July 11, 2017

Eight states move to suppress voting

NBC News - Missouri is one of eight states that have passed or are implementing laws with more rigorous voter identification requirements this year.

Fueled by President Donald Trump, who has claimed, without evidence, that voter fraud deprived him of the popular vote in 2016, there's more energy behind election legislation than ever before. Trump has appointed a federal commission to find and combat voter fraud — a problem experts say doesn't exist on a large scale.

With turnout in the United States already low — 55.7 percent of voting-age Americans cast ballots in 2016 — critics say voter ID legislation disproportionately affects minorities, low-income Americans and younger voters. The Brennan Center for Justice at New York University has estimated that as many as 11 percent of Americans — 21 million of them voting age by 2000 Census data — were without photo IDs, while 4.5 million more have IDs that may not reflect their current names or addresses.

Some studies have found that ID laws depress turnout: One study that controlled for outside effects found that they depressed turnout among both Republicans and Democrats but hurt Democratic and minority turnout the most, while other analysis has noted that turnout can be influenced by everything from the weather to that year's batch of candidates, indicating that the effect of voter ID requirements is hard to measure.

Opponents say the real intention is not to guarantee the integrity of elections but to disenfranchise certain groups, those that often vote Democratic.

Texas and Missouri are requiring affidavits — legal documents that voters without the required ID must first sign to cast ballots. Any falsification is a felony.In Georgia, voter registration forms must exactly match other state data, which means a data error or a misplaced hyphen could derail voters. Iowa has mandated that voter rolls be purged of suspected non-citizens.

"Those things are just tattooed in my lexicon in thinking about what's right and fair for people," she said. "It's immensely taxing to think that we'd go back to revisiting something I thought was fixed — fixed in our souls." New laws, new restrictions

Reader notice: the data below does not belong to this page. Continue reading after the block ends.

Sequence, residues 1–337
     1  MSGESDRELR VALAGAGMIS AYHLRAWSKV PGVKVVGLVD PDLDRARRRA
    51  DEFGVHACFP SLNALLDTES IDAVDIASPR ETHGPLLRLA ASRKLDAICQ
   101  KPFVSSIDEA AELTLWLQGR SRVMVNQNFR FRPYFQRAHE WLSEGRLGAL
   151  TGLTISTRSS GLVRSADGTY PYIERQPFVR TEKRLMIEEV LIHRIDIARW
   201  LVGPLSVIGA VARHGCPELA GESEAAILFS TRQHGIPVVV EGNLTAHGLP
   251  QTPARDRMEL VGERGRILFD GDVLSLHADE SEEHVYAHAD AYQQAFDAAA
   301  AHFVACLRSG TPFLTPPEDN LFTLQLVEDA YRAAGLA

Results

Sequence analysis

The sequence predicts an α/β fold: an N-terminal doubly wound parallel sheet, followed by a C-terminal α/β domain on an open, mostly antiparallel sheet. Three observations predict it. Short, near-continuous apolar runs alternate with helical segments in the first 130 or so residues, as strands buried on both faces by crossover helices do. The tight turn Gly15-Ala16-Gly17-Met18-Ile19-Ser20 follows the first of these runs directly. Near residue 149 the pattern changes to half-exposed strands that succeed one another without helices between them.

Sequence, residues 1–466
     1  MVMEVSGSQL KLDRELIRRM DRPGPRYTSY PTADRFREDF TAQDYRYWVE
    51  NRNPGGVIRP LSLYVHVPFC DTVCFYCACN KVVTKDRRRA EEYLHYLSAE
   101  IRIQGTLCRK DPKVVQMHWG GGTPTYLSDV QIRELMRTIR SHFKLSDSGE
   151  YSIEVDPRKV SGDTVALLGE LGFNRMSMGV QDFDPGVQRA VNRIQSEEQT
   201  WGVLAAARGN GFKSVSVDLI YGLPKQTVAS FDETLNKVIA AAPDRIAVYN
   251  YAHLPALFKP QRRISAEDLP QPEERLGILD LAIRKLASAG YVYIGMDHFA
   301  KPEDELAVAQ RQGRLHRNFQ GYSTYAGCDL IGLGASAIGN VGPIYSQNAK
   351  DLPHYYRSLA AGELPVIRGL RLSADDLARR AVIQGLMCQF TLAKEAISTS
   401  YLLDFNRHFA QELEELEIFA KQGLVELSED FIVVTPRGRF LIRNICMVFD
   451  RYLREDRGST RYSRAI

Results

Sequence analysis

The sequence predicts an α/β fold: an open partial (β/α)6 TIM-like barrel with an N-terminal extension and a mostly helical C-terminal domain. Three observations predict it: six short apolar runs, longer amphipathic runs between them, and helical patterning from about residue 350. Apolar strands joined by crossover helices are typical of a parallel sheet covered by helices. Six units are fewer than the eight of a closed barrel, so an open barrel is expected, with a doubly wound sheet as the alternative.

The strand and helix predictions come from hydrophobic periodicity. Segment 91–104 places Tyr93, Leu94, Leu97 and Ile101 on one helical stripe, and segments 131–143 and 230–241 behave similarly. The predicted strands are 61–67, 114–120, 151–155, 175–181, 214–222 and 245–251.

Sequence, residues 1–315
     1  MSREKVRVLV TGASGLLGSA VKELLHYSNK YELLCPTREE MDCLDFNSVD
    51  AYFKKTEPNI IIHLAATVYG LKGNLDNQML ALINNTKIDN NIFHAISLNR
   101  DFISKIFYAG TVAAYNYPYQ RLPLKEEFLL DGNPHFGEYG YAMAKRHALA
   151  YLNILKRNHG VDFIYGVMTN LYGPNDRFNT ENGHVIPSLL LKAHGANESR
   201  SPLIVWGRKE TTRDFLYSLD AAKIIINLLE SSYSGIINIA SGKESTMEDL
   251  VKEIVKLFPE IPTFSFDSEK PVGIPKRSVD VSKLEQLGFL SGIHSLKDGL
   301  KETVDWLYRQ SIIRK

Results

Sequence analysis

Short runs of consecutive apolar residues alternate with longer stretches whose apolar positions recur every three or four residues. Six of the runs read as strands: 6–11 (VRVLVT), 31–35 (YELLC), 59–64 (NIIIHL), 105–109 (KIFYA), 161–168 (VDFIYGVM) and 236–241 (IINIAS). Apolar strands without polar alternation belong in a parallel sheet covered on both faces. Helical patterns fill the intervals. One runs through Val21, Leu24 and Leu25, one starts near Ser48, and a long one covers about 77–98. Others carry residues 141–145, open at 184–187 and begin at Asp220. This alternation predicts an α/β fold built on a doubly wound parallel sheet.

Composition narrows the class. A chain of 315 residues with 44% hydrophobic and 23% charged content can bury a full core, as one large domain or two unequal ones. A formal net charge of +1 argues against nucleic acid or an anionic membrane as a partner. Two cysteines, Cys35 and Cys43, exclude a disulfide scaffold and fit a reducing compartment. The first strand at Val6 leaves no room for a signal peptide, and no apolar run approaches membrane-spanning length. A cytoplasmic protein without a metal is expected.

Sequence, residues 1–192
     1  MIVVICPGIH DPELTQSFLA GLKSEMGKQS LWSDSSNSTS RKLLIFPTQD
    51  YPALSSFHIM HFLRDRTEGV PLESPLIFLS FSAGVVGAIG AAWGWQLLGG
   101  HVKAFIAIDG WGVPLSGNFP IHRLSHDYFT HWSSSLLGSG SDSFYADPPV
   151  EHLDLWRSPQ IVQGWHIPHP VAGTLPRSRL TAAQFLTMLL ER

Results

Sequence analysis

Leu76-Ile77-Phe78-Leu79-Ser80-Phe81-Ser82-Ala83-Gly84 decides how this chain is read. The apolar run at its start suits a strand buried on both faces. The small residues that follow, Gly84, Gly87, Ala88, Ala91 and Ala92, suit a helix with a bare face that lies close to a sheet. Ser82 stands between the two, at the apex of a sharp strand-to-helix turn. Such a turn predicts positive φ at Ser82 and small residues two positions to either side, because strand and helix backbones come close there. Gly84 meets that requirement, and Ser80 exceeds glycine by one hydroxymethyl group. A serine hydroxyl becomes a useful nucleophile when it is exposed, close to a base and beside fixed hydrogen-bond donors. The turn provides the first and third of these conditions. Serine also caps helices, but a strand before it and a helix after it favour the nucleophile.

There is no evidence of widespread voter fraud in Missouri, or anywhere else, and yet voter fraud legislation has never been as popular as it is now.

At least 99 bills to restrict access to the polls have been introduced (or have been carried over from previous sessions) in 31 states this year; that's already more than double the number last year, according to data compiled by the Brennan Center. Voter ID — requiring voters to prove who they are with identifying documents — is the most common requirement, but changes to the voter registration process, such as asking people to prove their U.S. citizenship, are a close second.

"The problem is when a law prohibits a certain class of people" from voting because they lack "access or ability" to obtain one of the approved forms of identification, said Myrna PĂ©rez, who leads voting rights efforts for the Brennan Center. "They offer our society very little public benefit, in that they only stop an incredibly rare type of voter fraud."

Six state laws have passed this year, double the number in the previous two years, while two more are being implemented. Six of the eight came after courts stepped in to stop past efforts.

1 comment:

Anonymous said...

US Social Security cards are used as a form of national ID, and this is accepted by most without complaint.

About half the world's countries require a national photo ID card.

Why not have a US photo ID card - for citizens and immigrants - and stop all the bickering?